But before you start, there are two fundamental concepts you should understand about Android apps. Apps provide multiple entry points
Android apps are built as a combination of components that can be invoked individually. For example, an activity is a type of app component that provides a user interface.
The "main" activity is what starts when the user taps your app icon, but you can take the user straight into a different activity from other places, such as from a notification or even from a different app.
Other components such as broadcast receivers and services also allow your app to perform background tasks without a user interface. Apps adapt to different devices
Android allows you to provide different resources for different devices. For example, you can create different layouts for different screen sizes. Then the system determines which layout to use based on the current device's screen size.

If any of your app's features need specific hardware, such as a camera, you can query whether the device has that hardware at run time and then disable the corresponding features if not. You can also set some features as required so Google Play won't allow installation on devices without them.
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ANDROID APPLICATION DEVELOPMENT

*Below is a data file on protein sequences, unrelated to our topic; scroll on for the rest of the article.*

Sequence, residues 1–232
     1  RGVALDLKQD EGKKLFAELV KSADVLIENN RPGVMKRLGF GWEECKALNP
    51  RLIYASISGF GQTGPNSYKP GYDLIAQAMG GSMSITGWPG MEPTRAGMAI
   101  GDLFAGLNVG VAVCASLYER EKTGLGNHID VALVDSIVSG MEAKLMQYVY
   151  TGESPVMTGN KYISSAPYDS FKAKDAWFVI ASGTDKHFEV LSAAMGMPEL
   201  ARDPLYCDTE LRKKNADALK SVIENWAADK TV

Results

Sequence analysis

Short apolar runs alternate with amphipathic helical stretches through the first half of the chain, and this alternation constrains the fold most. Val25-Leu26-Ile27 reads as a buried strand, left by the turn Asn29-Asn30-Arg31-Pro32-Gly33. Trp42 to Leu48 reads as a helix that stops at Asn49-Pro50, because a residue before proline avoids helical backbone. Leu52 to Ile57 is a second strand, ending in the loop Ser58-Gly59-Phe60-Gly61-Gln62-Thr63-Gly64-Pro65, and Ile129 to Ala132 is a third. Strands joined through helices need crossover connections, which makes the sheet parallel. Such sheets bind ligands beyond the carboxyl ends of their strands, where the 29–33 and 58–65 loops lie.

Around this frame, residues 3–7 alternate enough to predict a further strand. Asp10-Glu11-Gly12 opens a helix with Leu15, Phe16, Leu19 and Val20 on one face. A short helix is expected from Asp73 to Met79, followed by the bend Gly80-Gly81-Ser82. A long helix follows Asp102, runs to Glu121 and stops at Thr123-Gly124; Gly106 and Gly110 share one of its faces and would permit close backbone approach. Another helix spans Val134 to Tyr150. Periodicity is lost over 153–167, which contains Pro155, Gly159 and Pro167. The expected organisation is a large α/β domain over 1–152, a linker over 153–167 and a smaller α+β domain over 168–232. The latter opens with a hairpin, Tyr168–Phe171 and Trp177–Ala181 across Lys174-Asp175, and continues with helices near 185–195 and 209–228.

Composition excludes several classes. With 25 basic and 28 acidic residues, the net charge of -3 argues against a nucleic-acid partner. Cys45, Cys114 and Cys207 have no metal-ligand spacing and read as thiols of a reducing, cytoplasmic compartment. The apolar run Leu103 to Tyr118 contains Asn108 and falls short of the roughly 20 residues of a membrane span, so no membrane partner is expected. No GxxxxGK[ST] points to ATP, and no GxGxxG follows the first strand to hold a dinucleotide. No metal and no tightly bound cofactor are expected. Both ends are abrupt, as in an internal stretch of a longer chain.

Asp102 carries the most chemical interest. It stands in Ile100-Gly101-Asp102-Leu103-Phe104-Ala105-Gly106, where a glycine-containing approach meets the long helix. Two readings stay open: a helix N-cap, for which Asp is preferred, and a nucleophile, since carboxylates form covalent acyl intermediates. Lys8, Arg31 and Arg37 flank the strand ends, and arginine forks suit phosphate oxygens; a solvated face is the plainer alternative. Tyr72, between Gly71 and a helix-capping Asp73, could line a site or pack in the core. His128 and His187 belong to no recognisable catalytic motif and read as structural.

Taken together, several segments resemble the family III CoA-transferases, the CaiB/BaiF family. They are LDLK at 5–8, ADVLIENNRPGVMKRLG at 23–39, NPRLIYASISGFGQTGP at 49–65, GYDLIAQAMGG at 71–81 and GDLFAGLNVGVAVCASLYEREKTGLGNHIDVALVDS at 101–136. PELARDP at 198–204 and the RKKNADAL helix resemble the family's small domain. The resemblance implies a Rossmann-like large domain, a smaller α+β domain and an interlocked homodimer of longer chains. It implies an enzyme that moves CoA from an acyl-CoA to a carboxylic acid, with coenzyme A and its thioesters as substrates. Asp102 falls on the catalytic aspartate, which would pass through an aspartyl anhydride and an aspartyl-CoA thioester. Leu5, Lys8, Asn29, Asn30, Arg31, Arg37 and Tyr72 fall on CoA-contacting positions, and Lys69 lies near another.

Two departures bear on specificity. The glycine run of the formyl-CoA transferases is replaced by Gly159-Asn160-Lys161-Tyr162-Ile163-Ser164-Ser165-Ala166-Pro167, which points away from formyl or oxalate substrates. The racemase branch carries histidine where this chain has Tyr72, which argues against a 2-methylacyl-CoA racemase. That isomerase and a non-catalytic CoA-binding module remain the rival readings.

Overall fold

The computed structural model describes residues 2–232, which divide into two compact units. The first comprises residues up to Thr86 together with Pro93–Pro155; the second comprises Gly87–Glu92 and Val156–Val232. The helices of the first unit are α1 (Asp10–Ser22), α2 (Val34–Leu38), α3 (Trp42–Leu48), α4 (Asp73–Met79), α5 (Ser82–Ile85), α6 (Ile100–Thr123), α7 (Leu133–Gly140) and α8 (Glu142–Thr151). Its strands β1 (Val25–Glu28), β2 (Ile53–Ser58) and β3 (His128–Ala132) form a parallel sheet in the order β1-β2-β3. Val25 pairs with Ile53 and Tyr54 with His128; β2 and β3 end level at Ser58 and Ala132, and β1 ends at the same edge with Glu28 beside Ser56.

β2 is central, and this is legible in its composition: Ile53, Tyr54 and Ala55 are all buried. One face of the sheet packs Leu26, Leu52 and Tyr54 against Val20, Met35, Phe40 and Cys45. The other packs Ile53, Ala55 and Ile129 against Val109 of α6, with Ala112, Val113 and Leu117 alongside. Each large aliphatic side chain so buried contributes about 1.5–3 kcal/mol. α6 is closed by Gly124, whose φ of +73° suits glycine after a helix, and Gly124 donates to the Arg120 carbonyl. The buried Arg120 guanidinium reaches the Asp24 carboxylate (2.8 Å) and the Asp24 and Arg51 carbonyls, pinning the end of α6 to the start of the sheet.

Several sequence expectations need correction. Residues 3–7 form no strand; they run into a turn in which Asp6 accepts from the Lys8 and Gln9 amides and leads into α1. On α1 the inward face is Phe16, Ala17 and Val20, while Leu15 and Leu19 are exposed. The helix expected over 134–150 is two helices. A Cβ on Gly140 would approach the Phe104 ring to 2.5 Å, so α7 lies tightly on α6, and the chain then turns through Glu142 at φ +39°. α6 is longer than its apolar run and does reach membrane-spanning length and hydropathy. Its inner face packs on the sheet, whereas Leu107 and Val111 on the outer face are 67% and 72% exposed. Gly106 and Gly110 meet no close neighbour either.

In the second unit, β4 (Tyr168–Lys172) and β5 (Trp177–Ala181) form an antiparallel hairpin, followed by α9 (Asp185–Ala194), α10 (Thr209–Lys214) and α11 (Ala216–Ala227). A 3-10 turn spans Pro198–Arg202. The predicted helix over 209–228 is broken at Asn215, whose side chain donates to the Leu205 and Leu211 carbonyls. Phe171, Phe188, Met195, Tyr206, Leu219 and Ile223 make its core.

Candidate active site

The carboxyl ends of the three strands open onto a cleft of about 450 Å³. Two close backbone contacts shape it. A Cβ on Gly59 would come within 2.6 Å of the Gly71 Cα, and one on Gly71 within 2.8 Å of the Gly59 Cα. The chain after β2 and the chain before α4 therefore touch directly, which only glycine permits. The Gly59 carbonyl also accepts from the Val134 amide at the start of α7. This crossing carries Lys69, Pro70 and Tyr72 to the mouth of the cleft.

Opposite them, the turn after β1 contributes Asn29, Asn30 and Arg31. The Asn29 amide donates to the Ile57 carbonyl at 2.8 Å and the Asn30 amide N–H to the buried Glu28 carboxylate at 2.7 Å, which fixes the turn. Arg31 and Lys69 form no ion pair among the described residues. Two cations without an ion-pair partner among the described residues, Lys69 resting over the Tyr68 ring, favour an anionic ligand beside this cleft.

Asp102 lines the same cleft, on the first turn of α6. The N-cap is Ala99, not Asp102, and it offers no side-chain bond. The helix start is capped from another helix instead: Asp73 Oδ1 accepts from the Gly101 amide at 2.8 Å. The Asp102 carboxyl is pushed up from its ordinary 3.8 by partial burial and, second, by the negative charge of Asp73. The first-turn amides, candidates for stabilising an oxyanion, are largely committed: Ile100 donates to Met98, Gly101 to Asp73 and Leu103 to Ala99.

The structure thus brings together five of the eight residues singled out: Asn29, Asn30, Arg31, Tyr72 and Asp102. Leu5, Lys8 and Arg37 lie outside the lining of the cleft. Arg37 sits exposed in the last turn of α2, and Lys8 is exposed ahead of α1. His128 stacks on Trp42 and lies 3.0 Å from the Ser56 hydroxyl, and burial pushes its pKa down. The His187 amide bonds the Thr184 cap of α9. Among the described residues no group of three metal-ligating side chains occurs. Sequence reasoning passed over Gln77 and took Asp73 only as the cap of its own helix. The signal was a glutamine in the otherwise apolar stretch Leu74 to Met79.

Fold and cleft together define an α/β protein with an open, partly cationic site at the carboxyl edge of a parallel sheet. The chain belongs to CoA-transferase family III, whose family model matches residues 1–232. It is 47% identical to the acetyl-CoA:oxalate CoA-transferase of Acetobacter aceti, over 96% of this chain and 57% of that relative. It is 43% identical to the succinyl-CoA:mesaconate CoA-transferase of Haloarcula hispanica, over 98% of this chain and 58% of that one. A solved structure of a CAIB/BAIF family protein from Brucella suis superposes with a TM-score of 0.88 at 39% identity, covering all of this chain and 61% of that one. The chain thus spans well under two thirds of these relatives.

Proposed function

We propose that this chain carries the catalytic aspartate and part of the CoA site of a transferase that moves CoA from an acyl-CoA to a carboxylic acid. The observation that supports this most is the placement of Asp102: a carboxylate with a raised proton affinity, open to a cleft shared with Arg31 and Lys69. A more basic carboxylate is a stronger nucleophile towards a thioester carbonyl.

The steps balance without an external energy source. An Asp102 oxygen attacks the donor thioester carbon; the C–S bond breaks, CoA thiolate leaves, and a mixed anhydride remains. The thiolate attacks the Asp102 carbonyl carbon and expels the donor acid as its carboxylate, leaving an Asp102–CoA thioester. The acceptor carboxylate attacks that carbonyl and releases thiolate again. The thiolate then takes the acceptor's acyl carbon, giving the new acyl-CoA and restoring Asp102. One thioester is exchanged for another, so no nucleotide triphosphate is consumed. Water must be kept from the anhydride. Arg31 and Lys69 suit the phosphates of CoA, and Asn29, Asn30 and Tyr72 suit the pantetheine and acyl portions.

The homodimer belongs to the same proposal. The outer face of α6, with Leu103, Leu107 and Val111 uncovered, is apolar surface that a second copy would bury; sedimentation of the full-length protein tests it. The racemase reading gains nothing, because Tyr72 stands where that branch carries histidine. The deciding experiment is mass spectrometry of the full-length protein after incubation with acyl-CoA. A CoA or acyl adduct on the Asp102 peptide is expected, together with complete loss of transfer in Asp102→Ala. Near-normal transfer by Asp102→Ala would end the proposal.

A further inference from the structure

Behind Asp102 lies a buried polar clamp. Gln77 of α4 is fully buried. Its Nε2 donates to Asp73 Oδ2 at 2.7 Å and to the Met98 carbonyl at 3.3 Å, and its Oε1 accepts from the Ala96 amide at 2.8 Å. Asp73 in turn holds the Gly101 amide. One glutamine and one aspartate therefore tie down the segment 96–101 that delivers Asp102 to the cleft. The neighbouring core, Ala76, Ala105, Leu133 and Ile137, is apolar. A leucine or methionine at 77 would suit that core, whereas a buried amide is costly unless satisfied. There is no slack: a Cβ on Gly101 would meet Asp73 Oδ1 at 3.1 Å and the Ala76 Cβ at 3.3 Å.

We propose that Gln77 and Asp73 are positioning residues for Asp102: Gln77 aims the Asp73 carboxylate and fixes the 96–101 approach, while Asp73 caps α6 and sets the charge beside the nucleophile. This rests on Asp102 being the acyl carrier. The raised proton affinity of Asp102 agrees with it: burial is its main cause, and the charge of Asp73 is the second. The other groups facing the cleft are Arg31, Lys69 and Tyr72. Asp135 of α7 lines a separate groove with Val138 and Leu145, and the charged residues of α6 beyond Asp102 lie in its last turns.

Solutions and resources for cross platform mobile app developers

Nearly every app you build will use services external to the mobile device. Whether it's from in the cloud or on-premise systems, modern cross platform mobile apps rely on API's, cloud back-ends, and cloud processing. Move code closer to the data. Scale your apps. Optimize code. Deploy whenever and wherever needed. Test, monitor, and update dynamically with ease. As your mobile apps integrate cloud services, you'll also want to bring your mobile skills to the cloud, becoming full-stack developers. Find the resources you need here to rapidly deliver engaging, personalized apps that are valuable to your users and companies.

Build your first app
The following pages teach you how to build a simple Android app. You'll learn how to create a "Hello World" project with Android Studio and run it. Then, you'll create a new interface for the app that takes some user input and opens a second screen in the app.
But before you start, there are two fundamental concepts you should understand about Android apps. Apps provide multiple entry points
Android apps are built as a combination of components that can be invoked individually. For example, an activity is a type of app component that provides a user interface.
The "main" activity is what starts when the user taps your app icon, but you can take the user straight into a different activity from other places, such as from a notification or even from a different app.
Other components such as broadcast receivers and services also allow your app to perform background tasks without a user interface. Apps adapt to different devices
Android allows you to provide different resources for different devices. For example, you can create different layouts for different screen sizes. Then the system determines which layout to use based on the current device's screen size.

If any of your app's features need specific hardware, such as a camera, you can query whether the device has that hardware at run time and then disable the corresponding features if not. You can also set some features as required so Google Play won't allow installation on devices without them.